Skip to main content

MSI's Tiger Lake Motherboard Would Be So Much Cooler If It Had a PCIe Slot

MSI Pro HM570TI-B I526
(Image credit: MSI)

Ever wanted to build a mini-ITX computer with a power-sipping 11th Gen Tiger Lake mobile processor? Now's your chance to do just that. MSI has released a new PRO series mini-ITX motherboard featuring a built-in Core i5-11260H Tiger Lake CPU called the Pro HM570TI-B I526. (opens in new tab)

As the name suggests, the board is designed for professionals who want a compact desktop workstation that will be just as power efficient as a laptop. The Core i5 processor inside features six cores and 12 threads with a 4.4 GHz max turbo frequency and a maximum configurable TDP of 45 watts.

The board has a decent feature set overall, with support for up to 64GB of dual-channel DDR4 3200MHz memory and two SATA ports for storage devices. Unfortunately there is only one M.2 slot available for wireless cards only. Rear I/O comes in the form of four USB ports, a single serial port, and a HDMI port for display output. There is also an Ethernet port and two dedicated 3.5mm jacks for mic support and audio.

But, the strange part of this motherboard is zero information on CPU cooler mounting support. MSI has no information on installing a CPU cooler or what CPU coolers will work with the mobile chip. As a result, you'll need to do this research yourself if you plan on buying this board. But we presume the board is designed for LGA115x or LGA1200/1700 coolers since the spacing between the holes is quite large.

Fortunately, or unfortunately, power comes in the form of a DC power brick. Standard ATX or SFX power supplies will not work with this motherboard if you want to build this system inside a standard mini-ITX desktop chassis. As a result, you'll have to look for a case that is designed around DC power bricks to ensure space isn't wasted and the system looks good.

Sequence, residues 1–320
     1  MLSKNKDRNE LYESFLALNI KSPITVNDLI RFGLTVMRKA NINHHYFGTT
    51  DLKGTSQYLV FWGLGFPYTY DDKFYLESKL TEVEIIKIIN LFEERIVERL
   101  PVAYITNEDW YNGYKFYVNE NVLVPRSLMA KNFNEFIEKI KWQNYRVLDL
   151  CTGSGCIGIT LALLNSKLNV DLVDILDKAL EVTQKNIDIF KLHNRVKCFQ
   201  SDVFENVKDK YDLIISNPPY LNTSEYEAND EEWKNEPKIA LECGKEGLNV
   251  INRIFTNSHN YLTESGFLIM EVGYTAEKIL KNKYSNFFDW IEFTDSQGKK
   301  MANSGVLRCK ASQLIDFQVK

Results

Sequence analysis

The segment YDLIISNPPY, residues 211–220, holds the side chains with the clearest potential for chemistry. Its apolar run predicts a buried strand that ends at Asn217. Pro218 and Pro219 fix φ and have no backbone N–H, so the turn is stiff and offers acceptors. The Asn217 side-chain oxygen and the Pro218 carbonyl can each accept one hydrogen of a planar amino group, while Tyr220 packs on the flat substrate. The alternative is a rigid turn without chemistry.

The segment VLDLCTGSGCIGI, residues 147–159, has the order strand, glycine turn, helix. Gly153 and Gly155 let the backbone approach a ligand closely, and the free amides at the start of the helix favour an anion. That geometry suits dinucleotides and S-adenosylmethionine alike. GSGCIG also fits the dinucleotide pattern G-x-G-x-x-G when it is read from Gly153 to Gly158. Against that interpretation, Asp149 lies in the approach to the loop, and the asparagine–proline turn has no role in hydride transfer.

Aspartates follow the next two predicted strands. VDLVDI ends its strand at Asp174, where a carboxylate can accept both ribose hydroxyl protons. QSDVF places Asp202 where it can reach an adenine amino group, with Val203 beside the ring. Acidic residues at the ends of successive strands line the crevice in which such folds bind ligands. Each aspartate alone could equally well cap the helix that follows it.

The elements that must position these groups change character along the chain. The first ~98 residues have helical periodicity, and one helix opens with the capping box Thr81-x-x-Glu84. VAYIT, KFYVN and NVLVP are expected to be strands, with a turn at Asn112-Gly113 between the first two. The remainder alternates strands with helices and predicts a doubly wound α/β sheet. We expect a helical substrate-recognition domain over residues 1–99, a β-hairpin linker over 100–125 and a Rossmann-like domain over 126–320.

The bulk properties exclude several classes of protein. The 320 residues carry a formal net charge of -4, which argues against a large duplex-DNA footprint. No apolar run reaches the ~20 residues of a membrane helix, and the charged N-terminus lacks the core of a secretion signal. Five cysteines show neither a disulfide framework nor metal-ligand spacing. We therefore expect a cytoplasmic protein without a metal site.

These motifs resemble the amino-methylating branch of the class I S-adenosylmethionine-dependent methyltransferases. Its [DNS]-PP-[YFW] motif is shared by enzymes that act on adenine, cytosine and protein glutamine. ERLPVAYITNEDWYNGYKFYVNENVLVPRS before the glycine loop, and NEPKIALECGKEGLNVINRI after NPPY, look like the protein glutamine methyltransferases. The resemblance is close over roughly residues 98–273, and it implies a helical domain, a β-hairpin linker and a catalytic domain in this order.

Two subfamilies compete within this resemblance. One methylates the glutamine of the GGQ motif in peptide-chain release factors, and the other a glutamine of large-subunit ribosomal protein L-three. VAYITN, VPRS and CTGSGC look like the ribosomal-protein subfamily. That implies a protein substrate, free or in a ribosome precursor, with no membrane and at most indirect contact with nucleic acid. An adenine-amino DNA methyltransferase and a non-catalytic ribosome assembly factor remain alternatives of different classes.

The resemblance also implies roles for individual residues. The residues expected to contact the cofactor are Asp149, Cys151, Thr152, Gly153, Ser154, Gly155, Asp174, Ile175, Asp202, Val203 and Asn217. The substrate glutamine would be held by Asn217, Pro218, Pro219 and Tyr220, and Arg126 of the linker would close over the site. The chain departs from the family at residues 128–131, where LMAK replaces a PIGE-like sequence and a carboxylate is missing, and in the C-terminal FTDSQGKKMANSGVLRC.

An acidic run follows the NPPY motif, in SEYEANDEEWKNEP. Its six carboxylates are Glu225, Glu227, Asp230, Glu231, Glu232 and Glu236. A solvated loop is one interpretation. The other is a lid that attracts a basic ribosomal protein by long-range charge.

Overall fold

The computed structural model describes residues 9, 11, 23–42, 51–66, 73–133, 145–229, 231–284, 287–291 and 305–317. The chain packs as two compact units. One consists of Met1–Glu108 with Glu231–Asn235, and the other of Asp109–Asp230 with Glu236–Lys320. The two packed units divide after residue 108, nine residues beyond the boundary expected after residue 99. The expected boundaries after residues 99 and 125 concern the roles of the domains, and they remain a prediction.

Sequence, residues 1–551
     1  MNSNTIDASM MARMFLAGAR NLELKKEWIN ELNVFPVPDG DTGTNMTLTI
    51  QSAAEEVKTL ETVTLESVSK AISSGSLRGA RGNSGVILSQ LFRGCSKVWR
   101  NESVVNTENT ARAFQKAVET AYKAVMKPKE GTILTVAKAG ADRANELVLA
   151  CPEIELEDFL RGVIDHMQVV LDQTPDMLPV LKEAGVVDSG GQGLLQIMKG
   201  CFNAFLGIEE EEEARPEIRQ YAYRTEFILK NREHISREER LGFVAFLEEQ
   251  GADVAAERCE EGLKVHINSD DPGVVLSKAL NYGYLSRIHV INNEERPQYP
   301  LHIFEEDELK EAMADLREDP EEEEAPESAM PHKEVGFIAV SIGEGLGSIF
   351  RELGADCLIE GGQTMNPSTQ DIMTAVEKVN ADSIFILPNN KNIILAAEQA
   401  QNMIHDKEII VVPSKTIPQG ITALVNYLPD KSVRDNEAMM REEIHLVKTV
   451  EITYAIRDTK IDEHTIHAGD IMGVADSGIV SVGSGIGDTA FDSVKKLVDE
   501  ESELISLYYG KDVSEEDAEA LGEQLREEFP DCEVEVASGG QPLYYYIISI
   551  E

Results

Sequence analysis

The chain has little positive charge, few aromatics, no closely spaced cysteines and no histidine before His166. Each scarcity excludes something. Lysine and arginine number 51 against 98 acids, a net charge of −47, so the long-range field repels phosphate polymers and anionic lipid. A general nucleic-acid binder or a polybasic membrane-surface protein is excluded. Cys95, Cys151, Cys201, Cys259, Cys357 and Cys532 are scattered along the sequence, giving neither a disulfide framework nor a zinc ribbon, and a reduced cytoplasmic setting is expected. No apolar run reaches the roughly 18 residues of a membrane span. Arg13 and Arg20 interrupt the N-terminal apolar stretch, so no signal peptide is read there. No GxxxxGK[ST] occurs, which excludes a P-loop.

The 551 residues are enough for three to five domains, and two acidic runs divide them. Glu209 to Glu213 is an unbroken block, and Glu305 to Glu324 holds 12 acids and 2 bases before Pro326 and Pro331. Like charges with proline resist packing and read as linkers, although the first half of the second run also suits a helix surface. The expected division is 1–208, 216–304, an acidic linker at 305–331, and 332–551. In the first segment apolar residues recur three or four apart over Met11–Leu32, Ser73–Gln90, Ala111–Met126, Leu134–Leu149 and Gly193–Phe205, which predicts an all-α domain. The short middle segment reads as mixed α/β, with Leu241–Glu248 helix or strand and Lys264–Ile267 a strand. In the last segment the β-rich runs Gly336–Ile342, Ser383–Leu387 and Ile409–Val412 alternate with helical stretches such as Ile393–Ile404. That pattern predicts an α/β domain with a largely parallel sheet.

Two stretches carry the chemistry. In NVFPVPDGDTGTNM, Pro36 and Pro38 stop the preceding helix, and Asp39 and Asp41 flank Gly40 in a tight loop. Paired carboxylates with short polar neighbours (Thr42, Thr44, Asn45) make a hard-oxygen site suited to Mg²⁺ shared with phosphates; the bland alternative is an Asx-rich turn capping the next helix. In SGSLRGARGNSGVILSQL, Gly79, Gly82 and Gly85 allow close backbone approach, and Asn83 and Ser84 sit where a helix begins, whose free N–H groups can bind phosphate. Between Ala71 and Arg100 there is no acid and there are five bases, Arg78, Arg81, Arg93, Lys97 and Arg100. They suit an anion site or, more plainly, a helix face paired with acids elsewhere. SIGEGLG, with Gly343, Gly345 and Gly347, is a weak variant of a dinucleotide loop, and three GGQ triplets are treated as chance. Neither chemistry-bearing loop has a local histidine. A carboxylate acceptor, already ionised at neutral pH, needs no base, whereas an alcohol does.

MSI's board also lacks support for dedicated PCIe add in board cards, such as graphics cards, with no physical PCIe slots installed on the motherboard. It is somewhat of a bummer, as Intel's Tiger Lake processors aren't slow chips, and already make good gaming chips in mid-range gaming laptops with dedicated mobile GPUs or Thunderbolt graphics card docks.

If the board had support for a dedicated GPU, it would be a really cool little gaming machine, that would sip power and generate almost no heat. But, this board wasn't intended for gaming, so we understand why MSI didn't install a PCIe slot.

But, if you are courageous enough, you can technically use a dedicated graphics card. All you will need is a M.2 PCIe x4 to PCIe x16 or open x8 or x4 slot that allows x16 cards to be slotted in. Pair this, with a mini-ITX case with vertical GPU mounting support, and you can get a full blown discrete graphics card to work with this motherboard.

However, the apparent drawbacks would be no dedicated WiFi/Bluetooth card -- with the slot taken up by the GPU and four PCIe lanes is not fast enough for a lot of desktop GPUs. As a result, you'd need to use a low-end GPU to ensure the PCIe lane bottlenecking doesn't kill most of your GPU performance.

We don't know when this motherboard is on sale; MSI hasn't shared a price or estimated availability dates on its website.

Aaron Klotz
Freelance News Writer

Aaron Klotz is a freelance writer for Tom’s Hardware US, covering news topics related to computer hardware such as CPUs, and graphics cards.

  • edzieba
    The lack of an internal 19V header is unfortunate (means any existing 19V ITX setups with internal supplies like the those from HDPLEX will need to desolder the read panel header and splice in, or use a pigtail sticking out the back), but the m.2 slot exposes a PCIe 4.0 x4 link, so more than enough for any GPU attached to a CPU of relatively low performance.
    Reply
  • salgado18